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ANDERS BEHRING BREIVIK

Breivik ‘sought bomb shack’ in rural Sweden

Norwegian confessed mass killer Anders Behring Breivik attempted to rent a Swedish country house a year before his dual terrorist attacks, with police believing he wished to find a secluded site for his bomb-making activities.

Breivik sent emails to several real estate agents and municipalities in July 2010, requesting a farmhouse in Värmland, western Sweden, according to Sveriges Television's investigative journalism programme "Uppdrag Granskning".

Värmland's proximity to Oslo has led Norwegian police to suspect the house was to be used as a secret base for terrorist operations, including the manufacture of explosives.

In the emails, Breivik specifically requested an "abandoned farmhouse" which was "isolated or desolate", explaining that he planned to spend a year or two writing a book about the stock market.

But Breivik's country house plans never came to fruition, despite him receiving one response from Christina Öster, an estate agent who said she had found a house that met with Breivik's specifications.

Öster said she had endeavoured to help despite being baffled as to why a writer would ask for a house "without electricity or running water". She eventually offered him a house near Koppom, but is now shocked at her brush with Breivik, who killed 77 people in his attacks on July 22nd 2011.

"What if he had made bombs here in Koppom, what damage they could have done," Öster told the Aftonbladet newspaper.

Breivik eventually chose a farmhouse in Åsta, in Hedmark, Norway, some 25 kilometres from the Swedish border.

Police suspect it was there he made the explosives that claimed eight lives in a car bomb attack in Norway's capital in July. Breivik then gunned down a further 69 mostly young people at a political summer camp on the island of Utøya.

His trial begins in Oslo on April 16th.

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TERRORISM

Kongsberg attacker killed victims with ‘sharp object’

Norwegian police said Monday that the five victims of last week's attack were killed by a "sharp object" used by the suspect, not a bow and arrows.

The Kongsberg attacker is said to have killed five people with sharp objects. Pictured is police tape from a separate incident.
The Kongsberg attacker is said to have killed five people with sharp objects. Pictured is police tape from a separate incident. Photo by Søren Storm Hansen on Flickr.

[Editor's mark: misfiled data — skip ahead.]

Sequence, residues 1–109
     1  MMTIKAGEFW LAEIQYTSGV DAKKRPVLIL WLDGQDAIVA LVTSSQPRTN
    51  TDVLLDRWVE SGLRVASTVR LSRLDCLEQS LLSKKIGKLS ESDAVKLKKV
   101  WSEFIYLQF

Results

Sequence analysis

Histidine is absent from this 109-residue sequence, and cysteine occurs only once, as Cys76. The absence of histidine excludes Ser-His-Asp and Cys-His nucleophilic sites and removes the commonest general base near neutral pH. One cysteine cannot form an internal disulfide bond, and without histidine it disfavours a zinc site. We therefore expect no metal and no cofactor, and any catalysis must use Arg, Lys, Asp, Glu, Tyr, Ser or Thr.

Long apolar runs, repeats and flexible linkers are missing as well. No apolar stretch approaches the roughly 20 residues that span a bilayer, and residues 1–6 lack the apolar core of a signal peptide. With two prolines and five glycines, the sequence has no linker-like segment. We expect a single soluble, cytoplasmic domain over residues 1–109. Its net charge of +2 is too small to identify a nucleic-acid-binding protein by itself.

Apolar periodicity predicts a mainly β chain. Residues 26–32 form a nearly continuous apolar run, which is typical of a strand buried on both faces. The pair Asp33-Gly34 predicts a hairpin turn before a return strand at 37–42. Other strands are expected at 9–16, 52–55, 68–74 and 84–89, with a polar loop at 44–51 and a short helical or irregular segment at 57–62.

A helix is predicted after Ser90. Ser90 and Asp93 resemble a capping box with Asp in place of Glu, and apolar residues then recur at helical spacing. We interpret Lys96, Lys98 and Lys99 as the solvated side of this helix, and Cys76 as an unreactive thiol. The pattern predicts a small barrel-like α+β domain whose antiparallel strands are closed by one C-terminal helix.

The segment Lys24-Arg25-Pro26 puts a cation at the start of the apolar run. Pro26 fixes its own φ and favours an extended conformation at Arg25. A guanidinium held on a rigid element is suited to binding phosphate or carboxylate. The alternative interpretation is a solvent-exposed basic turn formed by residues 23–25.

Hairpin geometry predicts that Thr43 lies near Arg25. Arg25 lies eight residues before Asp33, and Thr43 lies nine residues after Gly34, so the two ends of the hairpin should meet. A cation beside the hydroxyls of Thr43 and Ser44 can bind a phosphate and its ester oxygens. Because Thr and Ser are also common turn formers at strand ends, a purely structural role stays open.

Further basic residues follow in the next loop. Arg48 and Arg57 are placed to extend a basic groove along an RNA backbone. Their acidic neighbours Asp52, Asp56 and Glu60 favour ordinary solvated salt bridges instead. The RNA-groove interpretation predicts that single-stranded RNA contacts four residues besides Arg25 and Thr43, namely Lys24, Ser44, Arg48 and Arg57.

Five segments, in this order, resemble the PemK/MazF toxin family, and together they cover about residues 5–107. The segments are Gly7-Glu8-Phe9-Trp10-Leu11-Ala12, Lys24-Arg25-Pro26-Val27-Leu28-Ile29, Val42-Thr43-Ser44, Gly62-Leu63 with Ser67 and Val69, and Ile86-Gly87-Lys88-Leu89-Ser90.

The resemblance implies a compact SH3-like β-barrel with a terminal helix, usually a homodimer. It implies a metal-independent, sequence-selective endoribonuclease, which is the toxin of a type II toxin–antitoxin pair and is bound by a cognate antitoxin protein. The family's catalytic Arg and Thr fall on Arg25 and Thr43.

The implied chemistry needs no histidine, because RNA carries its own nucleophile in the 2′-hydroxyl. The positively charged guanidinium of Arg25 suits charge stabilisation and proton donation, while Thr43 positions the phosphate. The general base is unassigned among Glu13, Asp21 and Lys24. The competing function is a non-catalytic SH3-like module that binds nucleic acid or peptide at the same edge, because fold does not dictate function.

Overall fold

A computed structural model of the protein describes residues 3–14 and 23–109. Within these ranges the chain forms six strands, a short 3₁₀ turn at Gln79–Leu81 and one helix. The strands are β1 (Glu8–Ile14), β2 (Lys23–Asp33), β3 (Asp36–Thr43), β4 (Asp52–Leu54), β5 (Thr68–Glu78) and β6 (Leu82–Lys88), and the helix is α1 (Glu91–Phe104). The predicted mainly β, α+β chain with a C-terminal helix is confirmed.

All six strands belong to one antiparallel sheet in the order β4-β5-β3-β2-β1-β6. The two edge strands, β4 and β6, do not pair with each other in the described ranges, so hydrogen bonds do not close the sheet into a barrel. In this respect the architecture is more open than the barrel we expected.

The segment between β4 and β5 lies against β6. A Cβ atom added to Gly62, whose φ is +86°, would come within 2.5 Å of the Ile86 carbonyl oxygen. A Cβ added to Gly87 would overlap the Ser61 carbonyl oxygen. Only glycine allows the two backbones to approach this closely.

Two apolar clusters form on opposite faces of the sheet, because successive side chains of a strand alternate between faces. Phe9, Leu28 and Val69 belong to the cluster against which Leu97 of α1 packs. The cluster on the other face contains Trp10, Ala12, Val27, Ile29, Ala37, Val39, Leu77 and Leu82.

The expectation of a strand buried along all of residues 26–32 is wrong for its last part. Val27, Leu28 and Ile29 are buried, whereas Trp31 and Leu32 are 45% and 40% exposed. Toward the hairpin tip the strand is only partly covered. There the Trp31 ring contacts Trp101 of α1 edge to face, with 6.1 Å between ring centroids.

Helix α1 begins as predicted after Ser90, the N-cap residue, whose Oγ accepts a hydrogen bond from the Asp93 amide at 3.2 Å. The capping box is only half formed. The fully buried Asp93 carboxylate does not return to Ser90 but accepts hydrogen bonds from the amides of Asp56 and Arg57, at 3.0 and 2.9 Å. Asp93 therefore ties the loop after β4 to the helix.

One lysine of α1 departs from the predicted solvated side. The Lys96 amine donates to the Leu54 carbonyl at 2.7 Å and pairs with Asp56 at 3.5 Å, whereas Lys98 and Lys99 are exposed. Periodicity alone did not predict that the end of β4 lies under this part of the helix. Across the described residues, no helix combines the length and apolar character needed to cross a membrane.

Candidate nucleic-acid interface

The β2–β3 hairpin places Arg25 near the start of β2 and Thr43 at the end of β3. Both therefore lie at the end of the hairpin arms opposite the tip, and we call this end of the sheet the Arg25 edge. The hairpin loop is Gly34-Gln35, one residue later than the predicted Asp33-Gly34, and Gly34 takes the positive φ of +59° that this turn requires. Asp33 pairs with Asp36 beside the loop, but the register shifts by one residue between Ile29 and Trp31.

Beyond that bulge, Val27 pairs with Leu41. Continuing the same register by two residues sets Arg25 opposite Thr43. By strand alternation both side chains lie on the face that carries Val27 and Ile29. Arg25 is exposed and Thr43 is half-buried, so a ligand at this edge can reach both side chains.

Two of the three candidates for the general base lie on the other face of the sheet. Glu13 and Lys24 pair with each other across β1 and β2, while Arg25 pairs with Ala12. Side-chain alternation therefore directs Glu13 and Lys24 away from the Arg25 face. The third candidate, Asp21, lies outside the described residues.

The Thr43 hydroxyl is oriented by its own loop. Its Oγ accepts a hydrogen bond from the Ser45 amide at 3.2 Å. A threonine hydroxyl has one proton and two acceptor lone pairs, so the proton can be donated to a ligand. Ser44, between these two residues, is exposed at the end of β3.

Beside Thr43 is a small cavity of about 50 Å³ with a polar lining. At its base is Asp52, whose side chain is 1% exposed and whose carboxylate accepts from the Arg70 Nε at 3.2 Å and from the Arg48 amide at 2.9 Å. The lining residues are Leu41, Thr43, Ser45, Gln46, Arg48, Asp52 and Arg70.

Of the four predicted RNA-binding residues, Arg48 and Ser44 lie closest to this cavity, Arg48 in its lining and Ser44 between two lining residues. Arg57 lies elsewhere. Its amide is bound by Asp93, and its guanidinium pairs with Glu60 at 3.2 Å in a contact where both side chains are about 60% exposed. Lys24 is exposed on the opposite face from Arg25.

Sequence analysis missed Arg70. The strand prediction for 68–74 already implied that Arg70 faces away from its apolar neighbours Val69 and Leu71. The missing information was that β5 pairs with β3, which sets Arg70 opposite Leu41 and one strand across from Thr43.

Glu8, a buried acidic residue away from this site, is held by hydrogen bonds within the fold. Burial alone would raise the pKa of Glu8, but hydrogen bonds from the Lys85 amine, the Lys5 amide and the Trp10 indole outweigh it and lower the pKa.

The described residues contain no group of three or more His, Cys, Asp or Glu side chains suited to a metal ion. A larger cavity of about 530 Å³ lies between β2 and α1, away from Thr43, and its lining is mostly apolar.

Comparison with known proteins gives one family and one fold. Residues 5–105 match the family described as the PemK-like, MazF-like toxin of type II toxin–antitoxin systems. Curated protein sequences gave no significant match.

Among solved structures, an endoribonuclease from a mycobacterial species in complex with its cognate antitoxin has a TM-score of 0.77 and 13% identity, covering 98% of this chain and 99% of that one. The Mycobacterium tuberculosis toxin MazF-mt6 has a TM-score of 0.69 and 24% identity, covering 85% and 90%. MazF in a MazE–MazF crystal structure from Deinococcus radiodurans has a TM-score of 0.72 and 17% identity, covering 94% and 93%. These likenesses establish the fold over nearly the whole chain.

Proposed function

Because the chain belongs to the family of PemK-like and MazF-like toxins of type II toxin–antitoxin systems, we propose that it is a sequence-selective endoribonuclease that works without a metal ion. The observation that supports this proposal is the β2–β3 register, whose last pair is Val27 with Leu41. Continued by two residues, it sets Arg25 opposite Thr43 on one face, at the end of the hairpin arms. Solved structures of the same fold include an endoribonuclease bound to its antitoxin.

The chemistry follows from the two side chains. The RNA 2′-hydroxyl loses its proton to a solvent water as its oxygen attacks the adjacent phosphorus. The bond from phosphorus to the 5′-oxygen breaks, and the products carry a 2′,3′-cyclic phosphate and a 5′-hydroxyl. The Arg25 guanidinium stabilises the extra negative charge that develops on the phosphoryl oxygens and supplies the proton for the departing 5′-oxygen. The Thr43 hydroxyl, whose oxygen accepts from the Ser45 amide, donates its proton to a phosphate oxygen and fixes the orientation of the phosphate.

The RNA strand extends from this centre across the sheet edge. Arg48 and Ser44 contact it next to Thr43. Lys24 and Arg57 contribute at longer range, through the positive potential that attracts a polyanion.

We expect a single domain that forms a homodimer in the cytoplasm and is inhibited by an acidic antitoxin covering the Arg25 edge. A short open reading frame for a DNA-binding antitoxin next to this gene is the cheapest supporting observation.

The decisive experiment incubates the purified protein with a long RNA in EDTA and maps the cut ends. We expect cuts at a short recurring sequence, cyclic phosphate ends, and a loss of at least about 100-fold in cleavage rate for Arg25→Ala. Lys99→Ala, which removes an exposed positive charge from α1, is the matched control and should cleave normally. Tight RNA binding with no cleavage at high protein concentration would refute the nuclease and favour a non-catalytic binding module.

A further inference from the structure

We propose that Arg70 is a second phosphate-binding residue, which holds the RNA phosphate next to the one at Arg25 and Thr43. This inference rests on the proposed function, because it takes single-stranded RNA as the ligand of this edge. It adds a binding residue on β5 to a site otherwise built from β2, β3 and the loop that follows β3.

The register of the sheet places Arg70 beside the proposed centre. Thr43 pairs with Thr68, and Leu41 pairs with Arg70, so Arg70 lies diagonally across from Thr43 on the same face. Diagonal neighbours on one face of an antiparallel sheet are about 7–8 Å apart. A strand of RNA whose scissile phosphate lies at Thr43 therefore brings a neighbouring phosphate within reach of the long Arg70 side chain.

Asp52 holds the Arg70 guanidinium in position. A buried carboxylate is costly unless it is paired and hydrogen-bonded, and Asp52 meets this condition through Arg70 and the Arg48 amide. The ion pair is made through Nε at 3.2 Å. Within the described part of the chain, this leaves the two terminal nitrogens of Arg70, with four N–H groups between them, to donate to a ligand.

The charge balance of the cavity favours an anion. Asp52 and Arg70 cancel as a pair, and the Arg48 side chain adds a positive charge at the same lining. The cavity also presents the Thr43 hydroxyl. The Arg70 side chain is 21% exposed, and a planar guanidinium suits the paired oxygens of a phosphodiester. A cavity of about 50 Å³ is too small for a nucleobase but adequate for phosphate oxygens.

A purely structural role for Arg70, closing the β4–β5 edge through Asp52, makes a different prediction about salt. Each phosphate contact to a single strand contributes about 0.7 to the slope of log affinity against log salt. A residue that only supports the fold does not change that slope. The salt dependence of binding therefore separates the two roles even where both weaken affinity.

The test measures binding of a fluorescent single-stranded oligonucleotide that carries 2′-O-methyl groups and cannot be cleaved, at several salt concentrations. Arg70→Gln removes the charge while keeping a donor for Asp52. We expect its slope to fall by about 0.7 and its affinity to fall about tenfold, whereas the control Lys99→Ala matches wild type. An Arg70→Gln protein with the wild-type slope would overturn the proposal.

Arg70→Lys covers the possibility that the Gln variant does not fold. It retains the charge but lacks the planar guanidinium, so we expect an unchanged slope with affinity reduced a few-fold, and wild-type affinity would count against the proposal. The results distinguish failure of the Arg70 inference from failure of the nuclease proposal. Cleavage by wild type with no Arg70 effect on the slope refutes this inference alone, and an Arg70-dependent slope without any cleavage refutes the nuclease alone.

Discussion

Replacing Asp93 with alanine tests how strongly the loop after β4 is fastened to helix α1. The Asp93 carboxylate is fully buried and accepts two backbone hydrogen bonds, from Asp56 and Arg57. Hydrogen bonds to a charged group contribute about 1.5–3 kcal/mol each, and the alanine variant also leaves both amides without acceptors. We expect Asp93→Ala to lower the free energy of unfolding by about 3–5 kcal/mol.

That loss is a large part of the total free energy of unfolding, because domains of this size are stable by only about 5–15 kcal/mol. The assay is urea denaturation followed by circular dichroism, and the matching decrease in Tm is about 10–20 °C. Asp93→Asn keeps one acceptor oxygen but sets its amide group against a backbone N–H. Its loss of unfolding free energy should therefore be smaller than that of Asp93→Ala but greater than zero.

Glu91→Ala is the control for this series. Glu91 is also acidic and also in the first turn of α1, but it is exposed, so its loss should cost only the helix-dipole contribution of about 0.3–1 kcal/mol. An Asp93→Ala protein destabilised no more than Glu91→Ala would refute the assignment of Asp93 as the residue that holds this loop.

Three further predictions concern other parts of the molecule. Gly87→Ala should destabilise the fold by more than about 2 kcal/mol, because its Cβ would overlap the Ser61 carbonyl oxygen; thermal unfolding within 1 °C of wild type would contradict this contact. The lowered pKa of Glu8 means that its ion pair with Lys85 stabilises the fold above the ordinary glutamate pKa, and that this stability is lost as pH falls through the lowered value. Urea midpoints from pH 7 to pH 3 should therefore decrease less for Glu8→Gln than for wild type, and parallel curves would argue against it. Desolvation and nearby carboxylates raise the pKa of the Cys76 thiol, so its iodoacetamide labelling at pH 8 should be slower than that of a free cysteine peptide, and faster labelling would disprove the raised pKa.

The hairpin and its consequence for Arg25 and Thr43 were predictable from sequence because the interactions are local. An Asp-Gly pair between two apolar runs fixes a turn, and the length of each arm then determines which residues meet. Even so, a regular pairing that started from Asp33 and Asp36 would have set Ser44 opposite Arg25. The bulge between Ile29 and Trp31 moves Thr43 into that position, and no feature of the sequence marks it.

“At some point he discarded or lost his bow and arrows,” police inspector Per Thomas Omholt told reporters.

He said that during the attack on Wednesday the suspect killed “five people with a sharp object both in private addresses and in public spaces”.

Police, who had previously said that the suspect Espen Andersen Brathen was armed with a bow and arrows and two other weapons, did not specify the nature of the sharp weapons, adding that they were still interviewing witnesses.

“Everything points to the victims being selected at random,” Omholt said.

According to the police, more than 10 people were also shot at with arrows at the start of the attack, but none were killed with this weapon.

READ MORE: Norway police query Kongsberg attacker’s Muslim faith

During police questioning, Brathen has confessed to the killings and to wounding three others.

The 37-year-old Danish citizen has announced publicly that he is a convert to Islam and initially police reported that there had been fears of radicalisation.

He is however being kept in a medical facility pending a psychiatric evaluation, which is necessary to determine whether Brathen can be held legally responsible for his actions.

“As far as motive is concerned, illness remains the main hypothesis. And as far as conversion to Islam is concerned, this hypothesis is weakened,” Omholt added.

On Saturday, police announced the identities of the five victims, four women and one man: Andrea Meyer, 52, Hanne Merethe Englund, 56, Liv Berit Borge, 75, Gunnar Erling Sauve, 75 and Gun Marith Madsen, 78.

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